The force is within me, but as long as the force is scattered or misdirected, I will do little to make visions and goals reality. For my first 17 years of teaching, I was unable to guide the force within me because I did not how to harness and channel that force. As a result my passionate energy, my pedagogical thinking, my content knowledge, and my mad skills were scattered and unfocused. The growth was happening, but like young Skywalker in the swamp I was held back by my own fears.

Until my undeniable force that wanted to grow, move, and expand met my current principal, my thoughts and visions of what I could become remained unrealized and my passion and energy were scattered.

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At one point, he told me I give him too much credit. Perhaps I did, and perhaps I do. All he did was awaken  and channel what was already in me. Of course, I could call him a Jedi Master and remove the villainous title of He-Who-Shall-Not-Be-Named, but that would detract from our witty banter and would go to his head.

Yes, indeed, there is an undeniable force within us all that makes us want to grow, move, and expand.  When we awaken that force within ourselves, we have the potential to awaken it in others as well.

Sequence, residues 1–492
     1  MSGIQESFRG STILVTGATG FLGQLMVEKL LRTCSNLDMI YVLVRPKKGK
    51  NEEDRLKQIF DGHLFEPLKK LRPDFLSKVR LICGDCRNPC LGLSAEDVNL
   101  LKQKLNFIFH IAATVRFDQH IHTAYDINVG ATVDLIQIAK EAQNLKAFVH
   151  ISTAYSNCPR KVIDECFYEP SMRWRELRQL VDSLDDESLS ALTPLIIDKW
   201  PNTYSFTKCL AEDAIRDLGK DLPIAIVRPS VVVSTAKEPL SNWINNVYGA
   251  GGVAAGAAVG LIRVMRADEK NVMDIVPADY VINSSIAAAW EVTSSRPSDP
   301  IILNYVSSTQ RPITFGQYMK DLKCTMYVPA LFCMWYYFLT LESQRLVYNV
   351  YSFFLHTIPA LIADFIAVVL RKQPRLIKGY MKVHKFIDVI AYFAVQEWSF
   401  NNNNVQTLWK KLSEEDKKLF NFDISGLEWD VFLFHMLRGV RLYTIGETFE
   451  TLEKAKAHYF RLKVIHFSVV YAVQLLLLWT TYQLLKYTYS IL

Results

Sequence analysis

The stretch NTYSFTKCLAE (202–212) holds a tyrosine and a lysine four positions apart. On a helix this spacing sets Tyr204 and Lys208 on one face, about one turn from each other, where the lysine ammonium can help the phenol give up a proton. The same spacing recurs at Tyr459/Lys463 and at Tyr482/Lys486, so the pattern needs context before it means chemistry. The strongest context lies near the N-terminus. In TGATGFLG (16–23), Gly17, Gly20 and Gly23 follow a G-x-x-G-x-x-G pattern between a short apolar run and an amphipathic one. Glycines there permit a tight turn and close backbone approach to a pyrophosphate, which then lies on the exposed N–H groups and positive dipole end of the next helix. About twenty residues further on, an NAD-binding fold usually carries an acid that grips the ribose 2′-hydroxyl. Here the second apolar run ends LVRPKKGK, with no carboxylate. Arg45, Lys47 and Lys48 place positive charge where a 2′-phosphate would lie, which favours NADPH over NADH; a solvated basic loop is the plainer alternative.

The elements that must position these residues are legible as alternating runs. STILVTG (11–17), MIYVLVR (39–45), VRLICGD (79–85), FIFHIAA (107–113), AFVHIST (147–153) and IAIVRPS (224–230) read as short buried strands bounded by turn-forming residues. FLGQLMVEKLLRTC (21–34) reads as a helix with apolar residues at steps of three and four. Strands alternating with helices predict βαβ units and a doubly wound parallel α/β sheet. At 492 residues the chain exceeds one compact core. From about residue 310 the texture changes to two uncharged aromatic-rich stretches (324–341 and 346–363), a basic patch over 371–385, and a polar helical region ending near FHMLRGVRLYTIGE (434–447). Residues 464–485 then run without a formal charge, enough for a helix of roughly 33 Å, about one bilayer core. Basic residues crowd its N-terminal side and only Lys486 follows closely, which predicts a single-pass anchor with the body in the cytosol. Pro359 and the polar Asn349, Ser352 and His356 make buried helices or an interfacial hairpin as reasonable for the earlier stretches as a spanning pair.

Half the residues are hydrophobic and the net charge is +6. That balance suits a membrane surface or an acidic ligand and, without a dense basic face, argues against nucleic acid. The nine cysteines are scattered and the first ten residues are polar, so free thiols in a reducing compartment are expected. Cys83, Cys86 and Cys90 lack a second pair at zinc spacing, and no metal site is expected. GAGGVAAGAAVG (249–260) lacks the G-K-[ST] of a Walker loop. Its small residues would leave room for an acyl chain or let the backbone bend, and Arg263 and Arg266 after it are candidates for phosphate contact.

Here’s to awakening the force of growth, movement, and expansion in ourselves and in others as well.

NO

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Meghan Trainor’s song came to my mind at a department head meeting last week. I told a friend that when it comes to this summer I’m like Meghan Trainor and my name is no.  I’m so glad my principal encouraged me to think before I over-commit this summer.

I gave 3 BIG NOS–NO to curriculum writing, NO to writing project, NO to field-test item review. This will give me much needed down time for me and my family as well as some reading/prep time for my new curriculum.

Maya’s teacher version of Meghan Trainor’s song “No”

I think I can’t refute and this year I’m so beat.
How I’ve let my time discourage me and take away from me
But you need to stop me here, oh, before I speak

Nah to the ah to the no, no, no
My name is no
A class–oh no
My summer says no.
I need to let it go
I need to let it go
Need to let it go
Nah to the ah to the no, no, no
My name is no
A class-oh no
My summer says no.
I need to let it go
I need to let it go
Need to let it go
Nah to the ah to the no, no, no

First I’m gonna play the teachin’ game, thinkin’ I’m needin’ extra cash
Call me professional, so incredible, telling me I need to teach this class.
I need some time my own, before I go insane, and maybe I’ll be needing therapy

Blah, blah, blah, I be like nah to the ah to the no, no, no